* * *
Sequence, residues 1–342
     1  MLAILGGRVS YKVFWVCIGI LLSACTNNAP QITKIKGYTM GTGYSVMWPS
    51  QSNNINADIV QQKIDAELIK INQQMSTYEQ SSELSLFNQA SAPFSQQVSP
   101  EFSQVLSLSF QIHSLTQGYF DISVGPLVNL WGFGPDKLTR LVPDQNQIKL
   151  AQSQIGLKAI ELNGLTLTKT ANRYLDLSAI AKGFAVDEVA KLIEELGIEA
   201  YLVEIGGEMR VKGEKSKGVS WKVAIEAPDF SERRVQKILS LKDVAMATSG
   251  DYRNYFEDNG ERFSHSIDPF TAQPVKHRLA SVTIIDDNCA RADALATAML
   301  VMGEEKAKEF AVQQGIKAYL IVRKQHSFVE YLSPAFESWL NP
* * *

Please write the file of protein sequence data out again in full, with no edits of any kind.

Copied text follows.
Sequence, residues 1–342
     1  MLAILGGRVS YKVFWVCIGI LLSACTNNAP QITKIKGYTM GTGYSVMWPS
    51  QSNNINADIV QQKIDAELIK INQQMSTYEQ SSELSLFNQA SAPFSQQVSP
   101  EFSQVLSLSF QIHSLTQGYF DISVGPLVNL WGFGPDKLTR LVPDQNQIKL
   151  AQSQIGLKAI ELNGLTLTKT ANRYLDLSAI AKGFAVDEVA KLIEELGIEA
   201  YLVEIGGEMR VKGEKSKGVS WKVAIEAPDF SERRVQKILS LKDVAMATSG
   251  DYRNYFEDNG ERFSHSIDPF TAQPVKHRLA SVTIIDDNCA RADALATAML
   301  VMGEEKAKEF AVQQGIKAYL IVRKQHSFVE YLSPAFESWL NP